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Ruthless Criticism was first published in 1993. Minnesota Archive Editions uses digital technology to make long-unavailable books once again accessible, and are published unaltered from the original University of Minnesota Press editions.
Ruthless Criticism offers perspectives and subjects largely outside traditional historiography. It broadens the concept of media history to include lesser-studied media, and offers alternative interpretations of traditional media.
This anthology of original research includes an array of scholarly and theoretical perspectives. Each addresses specific topic within a specific era. reflecting the diversity of U.S. mass media.
Solomon and McChesney begin by using critical theory and deconstruction to examine the meanings of print in the colonial era. Subsequent chapters study the media ecology of the antebellum press; the intense focus on profits of the post-Civil War mainstream press; gender images in the labor press; the diversity of political views within the working-class press; and the development of a commercial press in the black community.
The essays concerning the twentieth century focus on the rise of a culture industry and include studies on the origins of the broadcast ratings system and the commercial broadcast system and the commercial broadcast system, early television's portrayals of childhood, the televisions networks' close ties with the federal government, the government's key role in creating and developing the field of mass communication research, and teenage girls' popular culture from 1960–1968 as a formative influence on the feminist movement.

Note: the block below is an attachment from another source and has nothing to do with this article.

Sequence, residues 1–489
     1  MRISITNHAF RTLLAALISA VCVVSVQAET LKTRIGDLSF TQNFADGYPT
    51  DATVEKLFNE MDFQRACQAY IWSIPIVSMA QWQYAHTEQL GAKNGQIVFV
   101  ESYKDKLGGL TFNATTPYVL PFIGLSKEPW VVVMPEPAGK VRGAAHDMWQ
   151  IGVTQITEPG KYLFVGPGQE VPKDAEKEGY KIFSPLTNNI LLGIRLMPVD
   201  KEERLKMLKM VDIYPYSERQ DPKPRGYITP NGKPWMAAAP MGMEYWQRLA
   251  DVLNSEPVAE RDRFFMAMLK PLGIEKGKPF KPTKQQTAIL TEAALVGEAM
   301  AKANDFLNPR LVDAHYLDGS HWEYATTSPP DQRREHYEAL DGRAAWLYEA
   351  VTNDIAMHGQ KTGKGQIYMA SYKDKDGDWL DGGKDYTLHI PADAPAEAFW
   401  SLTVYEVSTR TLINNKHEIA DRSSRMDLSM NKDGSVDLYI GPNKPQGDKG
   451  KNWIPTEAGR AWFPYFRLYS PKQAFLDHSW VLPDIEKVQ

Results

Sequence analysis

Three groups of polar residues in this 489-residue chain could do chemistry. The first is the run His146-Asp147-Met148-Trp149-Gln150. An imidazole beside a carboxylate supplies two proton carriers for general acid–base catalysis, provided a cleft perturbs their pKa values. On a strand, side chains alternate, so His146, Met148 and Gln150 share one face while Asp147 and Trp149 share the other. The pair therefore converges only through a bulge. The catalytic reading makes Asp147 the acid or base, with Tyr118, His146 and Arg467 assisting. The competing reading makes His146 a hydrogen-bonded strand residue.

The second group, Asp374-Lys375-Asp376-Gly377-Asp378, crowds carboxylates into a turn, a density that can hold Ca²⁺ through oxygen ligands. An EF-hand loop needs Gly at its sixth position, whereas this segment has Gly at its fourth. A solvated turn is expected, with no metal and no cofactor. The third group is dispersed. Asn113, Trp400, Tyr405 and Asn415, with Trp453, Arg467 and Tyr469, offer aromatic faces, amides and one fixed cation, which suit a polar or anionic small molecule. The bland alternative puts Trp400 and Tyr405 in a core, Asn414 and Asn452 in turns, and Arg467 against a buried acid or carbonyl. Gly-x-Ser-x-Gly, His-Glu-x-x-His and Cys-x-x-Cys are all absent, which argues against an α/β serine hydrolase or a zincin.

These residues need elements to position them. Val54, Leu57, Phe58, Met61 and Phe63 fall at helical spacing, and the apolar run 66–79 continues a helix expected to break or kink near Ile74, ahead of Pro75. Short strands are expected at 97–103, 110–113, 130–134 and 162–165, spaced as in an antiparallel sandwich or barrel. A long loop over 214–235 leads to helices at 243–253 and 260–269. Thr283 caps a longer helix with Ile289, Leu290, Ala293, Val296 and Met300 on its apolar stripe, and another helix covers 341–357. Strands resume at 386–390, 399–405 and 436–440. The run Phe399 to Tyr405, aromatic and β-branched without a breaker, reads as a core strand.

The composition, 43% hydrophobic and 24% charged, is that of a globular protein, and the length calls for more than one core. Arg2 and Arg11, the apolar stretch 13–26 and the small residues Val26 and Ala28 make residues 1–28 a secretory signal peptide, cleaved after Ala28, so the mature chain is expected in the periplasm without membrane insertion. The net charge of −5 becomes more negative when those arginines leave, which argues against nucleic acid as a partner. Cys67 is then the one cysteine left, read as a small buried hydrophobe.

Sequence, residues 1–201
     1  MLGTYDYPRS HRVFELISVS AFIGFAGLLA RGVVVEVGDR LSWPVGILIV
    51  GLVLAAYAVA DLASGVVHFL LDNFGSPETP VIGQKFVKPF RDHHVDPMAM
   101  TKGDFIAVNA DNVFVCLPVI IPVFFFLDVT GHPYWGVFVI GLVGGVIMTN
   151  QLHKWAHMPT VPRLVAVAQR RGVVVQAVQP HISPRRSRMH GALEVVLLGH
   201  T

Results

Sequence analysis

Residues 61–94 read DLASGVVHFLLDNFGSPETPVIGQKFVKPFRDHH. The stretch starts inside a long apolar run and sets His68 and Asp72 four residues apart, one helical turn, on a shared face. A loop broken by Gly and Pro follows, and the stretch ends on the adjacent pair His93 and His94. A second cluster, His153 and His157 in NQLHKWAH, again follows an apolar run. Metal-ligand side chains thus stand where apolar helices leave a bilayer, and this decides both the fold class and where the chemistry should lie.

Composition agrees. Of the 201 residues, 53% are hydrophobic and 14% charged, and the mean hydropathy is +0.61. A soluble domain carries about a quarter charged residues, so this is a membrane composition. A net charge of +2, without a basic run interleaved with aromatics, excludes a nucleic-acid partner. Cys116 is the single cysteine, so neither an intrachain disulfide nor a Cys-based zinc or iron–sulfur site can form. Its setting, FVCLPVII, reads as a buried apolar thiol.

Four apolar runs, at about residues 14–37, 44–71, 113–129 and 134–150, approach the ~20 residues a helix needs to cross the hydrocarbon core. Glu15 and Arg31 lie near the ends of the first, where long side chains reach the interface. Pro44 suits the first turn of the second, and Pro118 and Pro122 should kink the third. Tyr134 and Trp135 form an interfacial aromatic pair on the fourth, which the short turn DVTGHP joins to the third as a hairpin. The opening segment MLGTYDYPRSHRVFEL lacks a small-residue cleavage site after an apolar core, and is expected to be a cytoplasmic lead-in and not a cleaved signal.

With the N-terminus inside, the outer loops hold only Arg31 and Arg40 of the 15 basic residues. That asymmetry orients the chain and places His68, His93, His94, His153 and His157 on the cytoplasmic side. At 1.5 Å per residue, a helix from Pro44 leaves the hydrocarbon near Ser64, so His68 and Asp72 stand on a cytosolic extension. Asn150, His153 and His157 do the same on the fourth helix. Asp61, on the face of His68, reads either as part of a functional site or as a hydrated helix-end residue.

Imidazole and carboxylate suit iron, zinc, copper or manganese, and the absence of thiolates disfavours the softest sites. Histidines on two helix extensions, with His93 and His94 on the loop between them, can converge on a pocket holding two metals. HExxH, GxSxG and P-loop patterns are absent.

|1||The Contours of Media History||1|
|2||The Public Sphere and the Cultural Mediation of Print||7|
|3||A Local History of the Early U.S. Press: Cincinnati||38|
|4||Nineteenth-Century Suffrage Periodicals: Conceptions of Womanhood and the Press||66|
|5||The Rise of News as a Commodity: Business Imperatives and the Press in the Nineteenth Century||98|
|6||Gender, the Movement Press, and the Cultural Politics of the Knights of Labor||122|
|7||The Working-Class Press at the Turn of the Century||151|
|8||The Commercialization of the Black Press and the Rise of Race News in Chicago||176|
|9||Heads of Household and Ladies of the House: Gender, Genre, and Broadcast Ratings, 1929-1990||204|
|10||Conflict, Not Consensus: The Debate over Broadcast Communication Policy, 1930-1935||222|
|11||Seducing the Innocent: Childhood and Television in Postwar America||259|
|12||Ready, Willing, Able: Network Television News and the Federal Government, 1948-1953||291|
|13||U.S. Mass Communication Research, Counterinsurgency, and Scientific "Reality"||313|
|14||Will You Love Me Tomorrow? Changing Discourses about Female Sexuality in the Mass Media, 1960-1968||349|